Bees entering a hive.

Thriving Hive


British Beekeepers Association




Dr Barbara Smith, Dr Martin Wilkes and Josh Elliott


April 2020 - November 2021

CAWR Research Theme

Resilient Food and Water Systems in Practice

Sustainable Development Goals

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Responsible consumption and production logo.

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Project Overview

Air pollution potentially impacts the health and productivity of honey bees via direct physiological damage that impairs function (such as vision or scent detection) or indirectly by weakening the immune system. These are sub-lethal effects at the hive scale but may potentially lead to negative outcomes such as poor larval development, increased susceptibility to diseases and parasites, or poor foraging ability.

We have found that pesticides have these effects on honey bees and this project will investigate whether air pollution components may have similar effects.

Air pollution contains many contaminants, for this study programme we will focus on small particulates, or particulate matter (PM), which is a mixture of solids and liquid droplets floating in the air. Some particles are released directly from a specific source, while others form in complicated chemical reactions in the atmosphere. We will focus on particles less than or equal to 10 microns (PM10s) and 2.5 microns or smaller (PM2.5s). PM10s are approximately the size of pollen grains and are comprised of dust and mineral particles, whilst PM2.5s are very fine and can only be seen with an electron microscope. They come from types of combustion, including cars, power plants, burning, and some industrial processes. Information on both PM10s and PM2.5s are regularly mapped in the UK and are publicly available, but, importantly, it is unknown if this data is available at an appropriate scale for bees.

In this project we will locate air pollution monitors in apiaries across the Midlands and record incidence of particulate matter in hives and the bees that live in them.

Project Objectives

Our long-term aim is to determine whether there is a link between particulate air pollution and honey bee health and productivity, using methods we have developed in the context of agricultural pesticides we will undertake a three-step programme. The Thriving Hive project is implementing Stage 1 of this research.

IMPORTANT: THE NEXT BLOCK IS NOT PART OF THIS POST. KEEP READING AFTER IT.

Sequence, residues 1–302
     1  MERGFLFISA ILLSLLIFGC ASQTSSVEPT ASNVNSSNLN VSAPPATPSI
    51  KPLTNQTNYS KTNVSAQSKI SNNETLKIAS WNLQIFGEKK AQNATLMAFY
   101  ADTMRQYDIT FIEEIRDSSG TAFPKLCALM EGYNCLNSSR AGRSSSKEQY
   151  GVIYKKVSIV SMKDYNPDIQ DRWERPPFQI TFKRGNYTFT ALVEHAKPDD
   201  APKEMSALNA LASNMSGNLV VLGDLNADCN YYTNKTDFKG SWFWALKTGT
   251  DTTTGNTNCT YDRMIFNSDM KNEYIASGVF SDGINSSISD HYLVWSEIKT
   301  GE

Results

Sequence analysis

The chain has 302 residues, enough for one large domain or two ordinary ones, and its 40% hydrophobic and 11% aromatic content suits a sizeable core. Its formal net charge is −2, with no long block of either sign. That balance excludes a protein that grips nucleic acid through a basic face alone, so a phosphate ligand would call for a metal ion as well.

Our research programme will test the following hypotheses:

H1: Particulates in air pollution will impact honey bee health and productivity
H2: The pathway is through sub-lethal impact on honey bee physiology including stress enzyme production, cell function and sensory systems.
H3: That these effects can be seen in both laboratory and field conditions.

To do this we will use a three-stage research programme:

  1. A correlative study to map air particulate levels, particulate levels in bee bodies and hive products and correlate this with disease, parasite loads and productivity.
  2. A laboratory study to investigate the physiological effects of particulate pollution on honey bees using molecular and neuroethological techniques. This will include testing for stress enzymes that indicate sub-lethal effects on bee health and protein regulation that indicate impacts on cell function.
  3. A field study to investigate whether the effects recorded in laboratory conditions are replicated in field conditions, using method from stage 2.
  • The understanding generated will help beekeepers consider the location of hives to benefit their bees, and support beekeepers in responding to consultations on air quality. Our work will inform policy makers on the impact of air pollution on British beekeeping.

  • Due to the recent outbreak of Covid-19 and the associated lockdown, the project implementation will take place in 2021. A website to engage and inform beekeepers is under development.

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